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Responsive design has already become a standard for the heart of most organisations’ online presence: the website. A webpage not optimised for mobile is a webpage nobody views.
Which, by extension, makes responsiveness critical for content marketers. Fail to give our readers the best possible viewing experience, and we lose them. Our microsites, blogs, and the like can’t be seen as a disjointed mess of images or microscopic text squiggles. Common sense, but let’s go a step further.
In paying attention to the responsiveness of our content delivery platforms, are we neglecting the responsiveness of the content itself?
When planning to distribute content, let’s not fail to account for whether it belongs on the platforms we selected. This has to be done before kicking off with content production.
A simple example is mobile videos. Watching videos on the go may have become only slightly less common than breathing, but this Business Insider piece nails three points that might not be as common:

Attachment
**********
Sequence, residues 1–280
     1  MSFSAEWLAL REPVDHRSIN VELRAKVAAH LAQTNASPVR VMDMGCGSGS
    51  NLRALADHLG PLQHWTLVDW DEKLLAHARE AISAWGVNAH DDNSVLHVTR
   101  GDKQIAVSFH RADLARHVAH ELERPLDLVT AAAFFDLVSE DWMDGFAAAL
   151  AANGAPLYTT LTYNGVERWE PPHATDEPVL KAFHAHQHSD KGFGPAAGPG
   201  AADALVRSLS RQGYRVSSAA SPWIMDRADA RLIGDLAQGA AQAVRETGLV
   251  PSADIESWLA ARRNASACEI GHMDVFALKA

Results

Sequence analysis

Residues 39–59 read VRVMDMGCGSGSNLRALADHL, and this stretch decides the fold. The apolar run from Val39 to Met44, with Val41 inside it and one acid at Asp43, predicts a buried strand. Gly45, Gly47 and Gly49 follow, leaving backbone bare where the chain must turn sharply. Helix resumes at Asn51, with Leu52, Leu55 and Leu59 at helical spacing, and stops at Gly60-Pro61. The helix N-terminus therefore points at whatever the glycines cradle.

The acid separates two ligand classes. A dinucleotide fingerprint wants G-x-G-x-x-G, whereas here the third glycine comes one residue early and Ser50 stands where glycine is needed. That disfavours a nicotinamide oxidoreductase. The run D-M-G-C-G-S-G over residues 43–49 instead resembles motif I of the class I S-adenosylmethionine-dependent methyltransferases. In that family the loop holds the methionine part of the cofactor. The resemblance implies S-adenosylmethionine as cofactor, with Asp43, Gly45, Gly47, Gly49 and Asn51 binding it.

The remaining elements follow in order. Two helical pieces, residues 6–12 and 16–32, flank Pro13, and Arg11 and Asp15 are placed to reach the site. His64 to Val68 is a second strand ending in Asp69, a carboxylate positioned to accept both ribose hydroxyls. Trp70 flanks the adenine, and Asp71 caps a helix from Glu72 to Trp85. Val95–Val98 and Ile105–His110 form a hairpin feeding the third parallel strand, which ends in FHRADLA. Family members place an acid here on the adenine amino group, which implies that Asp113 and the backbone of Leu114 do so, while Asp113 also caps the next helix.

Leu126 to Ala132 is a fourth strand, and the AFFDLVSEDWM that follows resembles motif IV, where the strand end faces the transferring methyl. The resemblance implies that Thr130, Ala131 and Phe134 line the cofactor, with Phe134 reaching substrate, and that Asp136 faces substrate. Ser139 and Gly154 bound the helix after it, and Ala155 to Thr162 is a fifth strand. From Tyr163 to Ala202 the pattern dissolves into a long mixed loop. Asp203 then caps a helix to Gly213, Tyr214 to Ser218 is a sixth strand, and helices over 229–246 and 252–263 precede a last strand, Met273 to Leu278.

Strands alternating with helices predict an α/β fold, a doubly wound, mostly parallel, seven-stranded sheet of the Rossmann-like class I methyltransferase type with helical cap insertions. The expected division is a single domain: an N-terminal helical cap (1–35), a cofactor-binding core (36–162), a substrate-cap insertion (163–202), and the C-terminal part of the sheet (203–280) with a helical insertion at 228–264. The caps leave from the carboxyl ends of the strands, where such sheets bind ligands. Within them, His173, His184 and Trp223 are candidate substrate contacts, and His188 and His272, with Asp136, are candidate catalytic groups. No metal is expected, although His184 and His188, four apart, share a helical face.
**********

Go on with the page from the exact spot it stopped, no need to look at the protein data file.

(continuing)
That last point suggests many watch videos on their phones when they have little else on hand – say, during life’s ‘downtimes’, like while commuting or in the queue at the clinic.
For such viewers, it might not do to just have videos that play well on small screens. They would also have to be short, or snappy enough to encourage later viewing – or both.
Textual pieces like articles and blog posts also deserve looking at.
Writing for web readers on their desktop browsers is one thing, but mobile readers don’t have a 20” monitor for their eyes to graze on. So porting the same piece to mobile without any restructuring might lessen its staying power, even with responsive design incorporated.
Since creating different versions of a content piece for multiple platforms is not always cost-effective, we need a change in approach to adapting content. Off the bat, we should adapt not to the platform, but to the consumers.
The sea changes caused by mobile proliferation extend to content placement as well. This is something we need to think about.
Sure, responsive design makes our content more digestible on mobiles and tablets – but, in the first place, is that content best digested there?